So I’d prefer to have my integrity, and while it won’t be popular, and I appreciate that some may disagree, I really do firmly believe that the issue must be discussed properly. That means respectfully, it means accurately (bad thinking should be pointed out), and means completely, not suggesting it be left alone because it’s hard, or unfair, or awkward.
So, what’s the issue? The issue is CAS’ decision, and whether athletes who are intersex should compete in the female category. That’s an issue I discussed extensively with Joanna Harper in a recent post – Harper is a transgender athlete and scientist, and she has knowledge of the issue from different perspectives. That interview, and the article with my thoughts is lengthy, but if you want to get to grips with some of the concepts and key issues here, I really do encourage you to take the time to read it (especially if you’re in the media).
Then, yesterday after the Semenya race in Monaco, a discussion thread began on Letsrun.com forum, and I felt compelled to post a few comments there too. Yes, I know what you’ll say about forums, and their quality and the futility of trying to engage in discussion with some people. But that, to me, is also not a reason to run from the discussion. If only 1 in 10 people can take something from the discussion, then that’s progress.
So, below are excerpts from a discussion that I got into on Letsrun.com’s forum. You can read the whole thing here, but I’m posting sections and screen grabs, and I do so for two reasons:
- To show the type of discussion that will happen in Rio. I hope that this serves as a wake-up call to a number of different people in various areas, and you appreciate that unless there are voices trying to offer a more complete picture, the situation gets out of control very fast. So front up, take responsibly and let’s address the concepts and their application to Semenya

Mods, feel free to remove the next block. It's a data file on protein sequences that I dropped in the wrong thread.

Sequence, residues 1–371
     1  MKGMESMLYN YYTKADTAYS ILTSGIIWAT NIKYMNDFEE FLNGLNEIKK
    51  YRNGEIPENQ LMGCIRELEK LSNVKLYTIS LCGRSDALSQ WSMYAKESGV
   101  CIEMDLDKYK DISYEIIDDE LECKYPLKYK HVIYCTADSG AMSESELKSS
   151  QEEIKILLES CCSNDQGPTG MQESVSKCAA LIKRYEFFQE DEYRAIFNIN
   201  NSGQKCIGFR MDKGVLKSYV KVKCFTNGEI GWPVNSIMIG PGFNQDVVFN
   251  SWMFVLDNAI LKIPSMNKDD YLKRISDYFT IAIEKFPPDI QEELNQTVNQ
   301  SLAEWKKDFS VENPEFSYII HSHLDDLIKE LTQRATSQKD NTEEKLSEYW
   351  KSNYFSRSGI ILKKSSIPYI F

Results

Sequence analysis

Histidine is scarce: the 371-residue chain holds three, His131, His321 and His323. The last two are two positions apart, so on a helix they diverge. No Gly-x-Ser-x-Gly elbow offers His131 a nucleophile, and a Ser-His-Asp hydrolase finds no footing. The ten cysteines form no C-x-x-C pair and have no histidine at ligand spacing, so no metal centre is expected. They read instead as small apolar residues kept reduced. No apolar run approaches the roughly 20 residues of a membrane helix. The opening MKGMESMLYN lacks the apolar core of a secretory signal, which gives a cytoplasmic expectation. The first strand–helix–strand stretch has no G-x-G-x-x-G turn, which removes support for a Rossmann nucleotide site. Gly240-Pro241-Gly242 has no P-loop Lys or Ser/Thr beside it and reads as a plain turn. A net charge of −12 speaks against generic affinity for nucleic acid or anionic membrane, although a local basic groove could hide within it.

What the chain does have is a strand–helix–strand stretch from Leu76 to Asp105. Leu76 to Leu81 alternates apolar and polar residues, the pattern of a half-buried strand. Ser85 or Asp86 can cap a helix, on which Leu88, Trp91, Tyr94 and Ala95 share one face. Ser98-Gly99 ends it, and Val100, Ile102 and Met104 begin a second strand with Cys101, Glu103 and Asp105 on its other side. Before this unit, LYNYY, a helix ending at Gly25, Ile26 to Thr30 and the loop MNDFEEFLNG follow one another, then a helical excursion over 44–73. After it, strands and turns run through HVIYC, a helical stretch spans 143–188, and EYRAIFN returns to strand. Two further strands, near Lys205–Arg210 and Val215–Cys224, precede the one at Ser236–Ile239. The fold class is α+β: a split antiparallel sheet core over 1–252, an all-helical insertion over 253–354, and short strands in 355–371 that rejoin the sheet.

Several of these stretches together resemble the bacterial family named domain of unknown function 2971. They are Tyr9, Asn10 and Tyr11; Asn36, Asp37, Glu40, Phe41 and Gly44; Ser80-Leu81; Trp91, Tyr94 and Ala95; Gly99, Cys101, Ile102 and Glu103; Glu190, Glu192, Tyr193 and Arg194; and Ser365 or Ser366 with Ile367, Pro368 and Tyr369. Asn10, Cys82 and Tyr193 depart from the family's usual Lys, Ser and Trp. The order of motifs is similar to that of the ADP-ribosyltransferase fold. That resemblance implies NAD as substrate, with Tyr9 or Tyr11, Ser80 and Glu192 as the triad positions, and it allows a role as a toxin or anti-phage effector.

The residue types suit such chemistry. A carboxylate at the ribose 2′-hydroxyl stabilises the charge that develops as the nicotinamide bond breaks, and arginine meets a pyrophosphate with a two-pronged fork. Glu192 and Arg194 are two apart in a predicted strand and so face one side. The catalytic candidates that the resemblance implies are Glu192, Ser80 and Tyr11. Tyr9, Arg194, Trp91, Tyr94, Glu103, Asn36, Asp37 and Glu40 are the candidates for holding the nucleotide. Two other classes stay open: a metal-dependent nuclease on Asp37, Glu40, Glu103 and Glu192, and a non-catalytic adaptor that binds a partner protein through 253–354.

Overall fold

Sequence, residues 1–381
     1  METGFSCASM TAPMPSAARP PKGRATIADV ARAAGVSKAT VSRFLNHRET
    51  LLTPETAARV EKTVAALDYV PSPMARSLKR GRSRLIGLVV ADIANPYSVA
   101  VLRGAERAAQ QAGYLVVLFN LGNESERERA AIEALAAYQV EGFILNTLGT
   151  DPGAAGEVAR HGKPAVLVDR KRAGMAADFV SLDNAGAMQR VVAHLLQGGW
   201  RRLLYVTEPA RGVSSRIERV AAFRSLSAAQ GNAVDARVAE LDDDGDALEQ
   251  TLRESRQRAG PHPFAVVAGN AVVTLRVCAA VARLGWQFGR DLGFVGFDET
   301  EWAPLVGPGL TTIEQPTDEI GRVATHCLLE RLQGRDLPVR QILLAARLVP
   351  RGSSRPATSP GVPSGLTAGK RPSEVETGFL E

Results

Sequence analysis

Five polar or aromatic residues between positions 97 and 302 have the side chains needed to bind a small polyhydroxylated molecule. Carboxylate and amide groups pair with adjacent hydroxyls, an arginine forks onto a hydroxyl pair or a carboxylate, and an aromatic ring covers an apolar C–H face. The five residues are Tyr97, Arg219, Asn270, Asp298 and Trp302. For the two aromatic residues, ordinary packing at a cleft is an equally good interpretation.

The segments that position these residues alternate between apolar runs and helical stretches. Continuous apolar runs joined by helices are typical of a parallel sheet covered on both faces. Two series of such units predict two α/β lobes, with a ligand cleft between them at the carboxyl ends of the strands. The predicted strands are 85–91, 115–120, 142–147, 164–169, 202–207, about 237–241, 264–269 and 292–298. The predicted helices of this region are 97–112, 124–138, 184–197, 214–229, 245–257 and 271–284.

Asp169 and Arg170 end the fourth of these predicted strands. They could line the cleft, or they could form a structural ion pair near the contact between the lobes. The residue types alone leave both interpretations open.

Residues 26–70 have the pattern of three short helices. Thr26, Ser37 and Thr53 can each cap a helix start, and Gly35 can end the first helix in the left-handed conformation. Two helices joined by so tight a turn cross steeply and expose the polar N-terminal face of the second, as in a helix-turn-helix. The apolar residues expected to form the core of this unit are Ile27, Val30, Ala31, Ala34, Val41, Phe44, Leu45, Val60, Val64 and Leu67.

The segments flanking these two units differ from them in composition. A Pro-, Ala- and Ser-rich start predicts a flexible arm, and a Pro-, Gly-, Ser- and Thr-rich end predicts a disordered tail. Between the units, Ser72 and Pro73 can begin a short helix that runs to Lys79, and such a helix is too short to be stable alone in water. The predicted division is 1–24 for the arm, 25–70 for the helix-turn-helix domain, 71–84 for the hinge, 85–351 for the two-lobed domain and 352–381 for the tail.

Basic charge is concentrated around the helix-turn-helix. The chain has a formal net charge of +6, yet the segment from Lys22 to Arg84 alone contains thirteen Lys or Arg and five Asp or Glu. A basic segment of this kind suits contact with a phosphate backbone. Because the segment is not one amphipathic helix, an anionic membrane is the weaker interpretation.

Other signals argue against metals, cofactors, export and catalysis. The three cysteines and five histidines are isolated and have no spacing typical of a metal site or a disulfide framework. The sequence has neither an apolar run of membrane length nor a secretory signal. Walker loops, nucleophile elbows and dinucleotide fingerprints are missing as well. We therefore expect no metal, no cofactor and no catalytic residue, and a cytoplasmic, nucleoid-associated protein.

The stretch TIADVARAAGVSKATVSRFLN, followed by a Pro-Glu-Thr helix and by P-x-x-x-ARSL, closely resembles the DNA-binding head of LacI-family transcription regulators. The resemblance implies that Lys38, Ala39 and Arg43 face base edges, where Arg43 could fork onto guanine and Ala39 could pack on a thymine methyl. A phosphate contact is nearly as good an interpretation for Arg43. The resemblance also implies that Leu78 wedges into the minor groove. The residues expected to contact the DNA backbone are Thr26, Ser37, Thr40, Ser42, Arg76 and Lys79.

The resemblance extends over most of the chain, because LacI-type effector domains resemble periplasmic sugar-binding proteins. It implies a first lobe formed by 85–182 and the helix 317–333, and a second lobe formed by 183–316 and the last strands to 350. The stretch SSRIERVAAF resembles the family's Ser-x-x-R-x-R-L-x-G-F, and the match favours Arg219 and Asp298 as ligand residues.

- The discussion also contains, I think, some important concepts around the issues, and so I hope that its content helps guide some thinking in the future. Again, I’m not that optimistic that many will change their opinion there, but as I said, if 1 in 10 people get some food for thought, then happy days
- (Oh, and because it saves me typing it all over again!)
As you read this, appreciate that yes, this is a forum not known for sensible comments (by most – some are good), but that it represents one extreme perspective in a debate that is only just getting warmed up. Appreciate also that there is another extreme, on the opposite end of the spectrum, who would shoot down any option that intersex athletes should not compete as women by labelling you a bigot and various other terms. This is a charged issue, ready to detonate, and that’s the point of this post.
Again, it’s a little long, but this is not a simple, short issue, and if you want it to be, you are part of the problem.
My original post
Here is my original post, on page 3 of the discussion:
I think the fundamental issue is this:
We have a separate category for women because without it, no women would even make the Olympic Games (with the exception of equestrian). Most of the women’s world records, even doped, lie outside the top 5000 times run by men. Radcliffe’s marathon WR, for instance, is beaten by between 250 and 300 men per year. Without a women’s category, elite sport would be exclusively male.